Several factors contributed to the recent rise in redecorating and renovations, including the pandemic, which had people hunkered down and noticing what they wanted to change in their living spaces, an increase in home sales and the need to work from home and create spaces that are multifunctional. “People will spend more time and effort in designing a unique working space to maximize their concentration, motivation and productivity,” said Jing Xue, COO and co-founder of DecorMatters. “Things like location, colors, decorations and furniture have a big effect on [people’s] mental and physical state.”
The growth of ecommerce during the pandemic, and the continued popularity of online shopping even as the country returns to some normalcy, also impacted how and where people shop for their housewares and furnishings. For example, Wayfair saw “total net revenue [rise] 55% from 2019 to $14.1 billion [in 2020]” according to reporter Caroline Jansen in a Retail Dive article on the future of home retailers post-pandemic. Jansen speculates that, in addition to the home refreshes many completed or planned during the pandemic, there’s likely to be interest in replacing items that have gotten more wear and tear and in sprucing up spaces that have grown stale.
Home brands across the category, from bedding to paint, are capitalizing on recent demand with digital advertising campaigns designed to engage audiences and encourage action.
Buffy.Co Promotes Unique Bedding Products With Free Trial
Buffy.co, a company that specializes in unique bed linens, pillows and comforters, offers free seven-day trials for customers who want to try out their sheets and pillows prior to paying. For many people, the risk of buying online without being able to touch or feel a product is a hindrance to making a purchase. By offering free trials, Buffy offers an option that alleviates concerns. DTC brands that provide a variety of unique purchasing, shipping and delivery options can often differentiate from their competitors and leverage this optionality in advertising and marketing campaigns.
In addition to offering free trials, Buffy leans into its sustainability messaging, explaining, “We’re working towards a world where you can have everything you need to feel more at home — from the comforter on your bed to the rugs beneath your feet — without a harsh impact on the earth, or your wallet.” Buffy shares its brand purpose, and the release of new products and updates, on its Facebook page and via email, which consumers can opt into on the Buffy website.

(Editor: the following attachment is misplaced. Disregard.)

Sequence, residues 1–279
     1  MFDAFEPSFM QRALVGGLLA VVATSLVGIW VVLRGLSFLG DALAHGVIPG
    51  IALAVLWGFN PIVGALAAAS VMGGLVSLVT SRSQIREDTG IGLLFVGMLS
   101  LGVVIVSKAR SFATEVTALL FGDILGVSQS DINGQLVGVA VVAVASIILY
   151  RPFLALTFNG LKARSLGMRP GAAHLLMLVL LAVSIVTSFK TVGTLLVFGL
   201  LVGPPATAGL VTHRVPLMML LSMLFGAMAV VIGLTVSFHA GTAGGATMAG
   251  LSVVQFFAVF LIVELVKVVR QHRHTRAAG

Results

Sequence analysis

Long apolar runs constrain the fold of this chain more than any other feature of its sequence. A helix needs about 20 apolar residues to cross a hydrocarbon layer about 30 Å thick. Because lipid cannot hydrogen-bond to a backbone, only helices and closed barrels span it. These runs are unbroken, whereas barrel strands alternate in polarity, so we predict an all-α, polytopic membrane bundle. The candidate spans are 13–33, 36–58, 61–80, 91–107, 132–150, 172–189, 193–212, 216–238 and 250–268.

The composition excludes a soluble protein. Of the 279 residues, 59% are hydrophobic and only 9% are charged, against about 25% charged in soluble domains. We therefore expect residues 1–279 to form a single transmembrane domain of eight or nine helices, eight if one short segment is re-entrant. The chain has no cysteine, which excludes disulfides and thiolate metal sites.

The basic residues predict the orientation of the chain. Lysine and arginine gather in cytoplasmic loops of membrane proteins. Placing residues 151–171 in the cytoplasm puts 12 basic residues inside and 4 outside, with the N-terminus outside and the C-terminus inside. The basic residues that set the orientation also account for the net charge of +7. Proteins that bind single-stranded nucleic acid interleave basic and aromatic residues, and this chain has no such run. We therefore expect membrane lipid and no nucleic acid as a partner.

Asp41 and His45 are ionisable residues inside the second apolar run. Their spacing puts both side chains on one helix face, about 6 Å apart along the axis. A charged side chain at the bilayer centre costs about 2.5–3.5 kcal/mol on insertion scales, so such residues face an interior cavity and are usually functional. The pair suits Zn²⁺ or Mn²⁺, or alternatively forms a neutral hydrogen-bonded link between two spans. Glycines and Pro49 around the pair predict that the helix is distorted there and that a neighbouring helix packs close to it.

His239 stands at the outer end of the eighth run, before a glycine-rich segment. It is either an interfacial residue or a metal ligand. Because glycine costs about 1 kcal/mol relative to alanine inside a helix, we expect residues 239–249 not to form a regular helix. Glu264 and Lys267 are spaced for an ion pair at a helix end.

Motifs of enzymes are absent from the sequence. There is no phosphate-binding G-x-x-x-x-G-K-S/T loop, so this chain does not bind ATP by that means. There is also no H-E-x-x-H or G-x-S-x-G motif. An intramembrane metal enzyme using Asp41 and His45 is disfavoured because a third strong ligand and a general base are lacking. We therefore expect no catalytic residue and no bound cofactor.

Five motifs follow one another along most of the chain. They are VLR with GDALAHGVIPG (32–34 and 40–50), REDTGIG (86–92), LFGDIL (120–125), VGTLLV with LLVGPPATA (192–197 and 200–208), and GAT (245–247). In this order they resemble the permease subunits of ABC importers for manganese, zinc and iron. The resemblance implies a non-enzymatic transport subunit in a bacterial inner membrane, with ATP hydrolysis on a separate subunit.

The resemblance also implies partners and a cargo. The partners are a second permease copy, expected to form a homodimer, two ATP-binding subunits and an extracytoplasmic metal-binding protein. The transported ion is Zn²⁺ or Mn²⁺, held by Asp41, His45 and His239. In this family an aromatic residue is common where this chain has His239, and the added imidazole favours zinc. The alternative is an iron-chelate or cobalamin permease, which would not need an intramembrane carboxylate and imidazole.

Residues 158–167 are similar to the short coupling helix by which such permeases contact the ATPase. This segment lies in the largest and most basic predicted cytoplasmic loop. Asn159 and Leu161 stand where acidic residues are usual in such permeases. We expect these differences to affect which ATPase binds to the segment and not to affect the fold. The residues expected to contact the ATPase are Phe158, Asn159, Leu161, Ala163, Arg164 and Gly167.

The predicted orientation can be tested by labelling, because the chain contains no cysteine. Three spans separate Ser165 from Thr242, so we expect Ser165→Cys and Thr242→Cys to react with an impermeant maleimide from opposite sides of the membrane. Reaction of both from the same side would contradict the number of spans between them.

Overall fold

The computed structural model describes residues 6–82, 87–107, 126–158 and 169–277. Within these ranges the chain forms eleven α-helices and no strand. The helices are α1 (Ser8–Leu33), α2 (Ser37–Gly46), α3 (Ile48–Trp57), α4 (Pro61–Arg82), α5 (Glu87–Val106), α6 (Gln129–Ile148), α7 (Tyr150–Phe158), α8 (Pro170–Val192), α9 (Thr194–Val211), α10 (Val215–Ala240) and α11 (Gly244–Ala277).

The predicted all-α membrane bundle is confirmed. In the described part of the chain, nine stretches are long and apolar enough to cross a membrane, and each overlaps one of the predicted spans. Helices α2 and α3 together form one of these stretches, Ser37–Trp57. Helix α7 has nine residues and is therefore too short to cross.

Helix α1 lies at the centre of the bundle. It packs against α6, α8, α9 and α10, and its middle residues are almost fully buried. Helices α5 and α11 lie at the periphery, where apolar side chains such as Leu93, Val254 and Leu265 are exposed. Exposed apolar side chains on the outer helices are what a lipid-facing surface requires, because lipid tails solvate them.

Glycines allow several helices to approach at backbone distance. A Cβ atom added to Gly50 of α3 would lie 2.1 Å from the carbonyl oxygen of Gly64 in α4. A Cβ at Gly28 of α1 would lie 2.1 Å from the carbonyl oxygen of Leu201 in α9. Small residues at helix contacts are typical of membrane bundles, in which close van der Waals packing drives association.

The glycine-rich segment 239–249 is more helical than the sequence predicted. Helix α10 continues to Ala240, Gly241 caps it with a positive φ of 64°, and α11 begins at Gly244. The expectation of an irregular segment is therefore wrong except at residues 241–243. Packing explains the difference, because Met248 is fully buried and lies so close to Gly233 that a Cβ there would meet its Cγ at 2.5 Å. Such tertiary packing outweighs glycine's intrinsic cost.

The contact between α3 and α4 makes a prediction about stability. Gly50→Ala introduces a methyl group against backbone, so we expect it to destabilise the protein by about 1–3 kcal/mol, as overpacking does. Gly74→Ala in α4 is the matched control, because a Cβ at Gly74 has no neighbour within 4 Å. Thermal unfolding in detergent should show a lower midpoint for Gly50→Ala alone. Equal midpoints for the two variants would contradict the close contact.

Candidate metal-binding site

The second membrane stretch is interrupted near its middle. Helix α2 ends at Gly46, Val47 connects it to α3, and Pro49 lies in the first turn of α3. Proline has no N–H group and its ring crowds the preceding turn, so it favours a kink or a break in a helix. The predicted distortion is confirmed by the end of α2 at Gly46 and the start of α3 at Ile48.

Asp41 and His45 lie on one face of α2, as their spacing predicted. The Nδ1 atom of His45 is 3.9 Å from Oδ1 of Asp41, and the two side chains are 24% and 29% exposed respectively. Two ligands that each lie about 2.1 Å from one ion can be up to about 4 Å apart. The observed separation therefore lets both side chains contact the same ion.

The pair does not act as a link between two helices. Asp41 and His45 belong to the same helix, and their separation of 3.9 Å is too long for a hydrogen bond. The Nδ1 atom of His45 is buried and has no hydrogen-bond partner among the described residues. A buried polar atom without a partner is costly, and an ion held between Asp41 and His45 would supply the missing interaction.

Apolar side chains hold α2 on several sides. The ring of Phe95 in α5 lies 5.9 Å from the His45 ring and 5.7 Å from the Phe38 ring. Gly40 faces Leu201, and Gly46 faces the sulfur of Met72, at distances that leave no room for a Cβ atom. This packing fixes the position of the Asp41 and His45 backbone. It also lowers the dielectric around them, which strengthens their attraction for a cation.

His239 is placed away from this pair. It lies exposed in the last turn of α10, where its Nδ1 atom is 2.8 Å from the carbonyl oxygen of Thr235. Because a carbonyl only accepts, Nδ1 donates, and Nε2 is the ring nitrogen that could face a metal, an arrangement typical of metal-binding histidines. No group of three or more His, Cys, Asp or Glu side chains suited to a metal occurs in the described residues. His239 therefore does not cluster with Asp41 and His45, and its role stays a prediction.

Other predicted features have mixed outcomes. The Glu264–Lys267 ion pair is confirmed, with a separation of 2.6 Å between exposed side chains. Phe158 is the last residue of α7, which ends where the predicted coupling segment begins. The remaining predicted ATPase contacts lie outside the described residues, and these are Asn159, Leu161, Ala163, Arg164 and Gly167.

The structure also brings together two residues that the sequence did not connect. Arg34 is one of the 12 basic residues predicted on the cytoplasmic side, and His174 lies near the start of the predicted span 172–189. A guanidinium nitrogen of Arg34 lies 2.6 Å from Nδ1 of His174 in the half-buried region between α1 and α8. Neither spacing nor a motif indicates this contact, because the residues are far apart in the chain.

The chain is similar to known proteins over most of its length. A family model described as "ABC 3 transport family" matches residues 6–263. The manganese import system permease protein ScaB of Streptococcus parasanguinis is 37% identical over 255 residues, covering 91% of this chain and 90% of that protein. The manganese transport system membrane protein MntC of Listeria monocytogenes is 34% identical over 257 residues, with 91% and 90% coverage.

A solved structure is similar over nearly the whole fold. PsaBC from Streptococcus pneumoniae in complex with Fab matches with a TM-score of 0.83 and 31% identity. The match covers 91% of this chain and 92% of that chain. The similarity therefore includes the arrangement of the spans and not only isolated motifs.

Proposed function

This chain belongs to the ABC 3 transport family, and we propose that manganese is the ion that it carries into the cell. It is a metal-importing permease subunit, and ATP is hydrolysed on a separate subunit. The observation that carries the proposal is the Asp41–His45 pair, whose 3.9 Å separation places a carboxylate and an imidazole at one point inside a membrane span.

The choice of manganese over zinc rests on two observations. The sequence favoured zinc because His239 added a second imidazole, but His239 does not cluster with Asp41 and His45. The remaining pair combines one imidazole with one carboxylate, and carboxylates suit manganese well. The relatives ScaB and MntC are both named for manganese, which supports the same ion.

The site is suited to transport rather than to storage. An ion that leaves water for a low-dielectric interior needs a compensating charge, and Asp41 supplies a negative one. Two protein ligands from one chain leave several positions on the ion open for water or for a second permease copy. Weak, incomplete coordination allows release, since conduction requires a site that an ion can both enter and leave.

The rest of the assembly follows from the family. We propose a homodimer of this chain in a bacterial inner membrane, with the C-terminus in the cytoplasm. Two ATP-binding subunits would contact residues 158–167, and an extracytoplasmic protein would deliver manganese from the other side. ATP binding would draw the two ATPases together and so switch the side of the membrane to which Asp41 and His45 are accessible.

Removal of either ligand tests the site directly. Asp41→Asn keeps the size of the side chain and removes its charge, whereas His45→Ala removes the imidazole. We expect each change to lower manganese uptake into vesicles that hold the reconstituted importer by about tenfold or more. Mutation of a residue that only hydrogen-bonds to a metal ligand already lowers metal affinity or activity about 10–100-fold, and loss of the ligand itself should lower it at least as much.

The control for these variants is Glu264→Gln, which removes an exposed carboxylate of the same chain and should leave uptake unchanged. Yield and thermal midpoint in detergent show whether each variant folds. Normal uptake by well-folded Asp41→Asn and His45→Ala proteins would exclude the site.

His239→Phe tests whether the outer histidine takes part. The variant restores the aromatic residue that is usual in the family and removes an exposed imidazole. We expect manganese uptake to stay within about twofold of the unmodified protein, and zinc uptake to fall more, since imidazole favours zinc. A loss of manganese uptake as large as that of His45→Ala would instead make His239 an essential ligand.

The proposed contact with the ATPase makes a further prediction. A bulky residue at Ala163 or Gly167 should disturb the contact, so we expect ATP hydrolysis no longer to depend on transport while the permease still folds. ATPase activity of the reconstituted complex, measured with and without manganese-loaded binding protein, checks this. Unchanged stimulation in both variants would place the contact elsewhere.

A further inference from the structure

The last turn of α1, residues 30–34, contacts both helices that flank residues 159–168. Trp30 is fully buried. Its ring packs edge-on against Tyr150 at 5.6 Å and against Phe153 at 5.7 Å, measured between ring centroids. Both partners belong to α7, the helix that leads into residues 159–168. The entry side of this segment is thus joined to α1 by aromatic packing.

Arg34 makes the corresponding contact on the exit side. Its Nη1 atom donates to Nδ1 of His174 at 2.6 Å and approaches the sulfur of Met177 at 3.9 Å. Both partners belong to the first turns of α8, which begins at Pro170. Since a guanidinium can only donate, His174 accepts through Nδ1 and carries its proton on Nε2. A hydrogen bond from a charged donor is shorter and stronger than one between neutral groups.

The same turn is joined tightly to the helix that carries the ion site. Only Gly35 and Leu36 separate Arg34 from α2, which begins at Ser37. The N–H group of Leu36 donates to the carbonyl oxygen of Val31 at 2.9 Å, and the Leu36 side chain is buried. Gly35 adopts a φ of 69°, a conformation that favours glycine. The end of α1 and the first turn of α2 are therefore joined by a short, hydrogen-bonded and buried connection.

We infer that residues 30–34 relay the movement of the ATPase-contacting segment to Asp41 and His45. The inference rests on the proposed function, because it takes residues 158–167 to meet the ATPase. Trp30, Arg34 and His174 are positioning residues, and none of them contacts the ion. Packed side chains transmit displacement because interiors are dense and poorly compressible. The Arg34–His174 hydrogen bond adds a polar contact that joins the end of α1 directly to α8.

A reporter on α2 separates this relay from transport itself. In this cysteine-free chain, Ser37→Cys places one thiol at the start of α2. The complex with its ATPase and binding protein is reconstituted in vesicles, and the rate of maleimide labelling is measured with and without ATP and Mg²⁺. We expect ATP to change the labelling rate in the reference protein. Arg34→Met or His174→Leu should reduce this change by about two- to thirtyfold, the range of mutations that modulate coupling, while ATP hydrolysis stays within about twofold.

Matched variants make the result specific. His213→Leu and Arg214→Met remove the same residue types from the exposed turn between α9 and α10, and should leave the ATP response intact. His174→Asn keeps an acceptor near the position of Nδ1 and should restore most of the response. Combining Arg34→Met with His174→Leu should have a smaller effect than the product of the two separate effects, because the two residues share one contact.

Clare Disrupts The Paint Industry With DTC Approach, Deploying Social Media Campaigns To Reach Consumers
For many DTC brands, disrupting the “old way” of doing business is a significant part of their advertising strategies. Clare, a startup paint company, explains, “Paint shopping used to be a hassle. Now it’s not. We’ve reimagined a whole new paint shopping experience with designer-curated colors, technology to guide you, mess-free paint swatches, and the highest-quality paint and supplies, delivered.” Katharine Schwab of Fast Company compares Clare to successful DTC startups like Casper, Away and Warby Parker, who also aimed to “reimagine the experience around a decidedly unglamorous product.”
Clare uses storytelling and inspiration to drive interest in its brand, both on the Clare blog and across social media channels. By explaining the benefits of Clare products, featuring articles that include inspiration from interior designers and lifestyle content, Clare is able to connect with consumers who want something a little different and innovative. On Instagram, the paint brand encourages Clare consumers to use the #shareyourclare hashtag and share how they used Clare paints. Hashtags are a common way for many users to start and share their design journeys on Instagram. For many brands, popular hashtags help determine design trends and create appealing content for organic growth.
Albany Park Targets Apartment Dwellers With First-Time Buyer Promotions & Fast Shipping Of Easy-To-Assemble Sofas
For apartment dwellers in cities, rents can be high and spaces tight, which can make buying the right furniture, at the right price, tricky. Albany Park targets apartment renters and owners with its line of smaller, modular couches and chairs that are shipped quickly in “space conscious” packing for putting together on site. First-time buyers spending more than $1,000 get $100 off purchases, and Albany Park works with Affirm, a buy-now-pay-later (BNPL) brand, to let shoppers spread out their payments.
Free shipping and returns, fast turnaround, payment flexibility and discounts, and no need to “pivot” big couches around tight corners are all part of what differentiates Albany Park from traditional furniture brands. And, by eliminating many of the pain points of couch shopping, Albany Park is able to appeal to its niche audience through its messaging and promotions.
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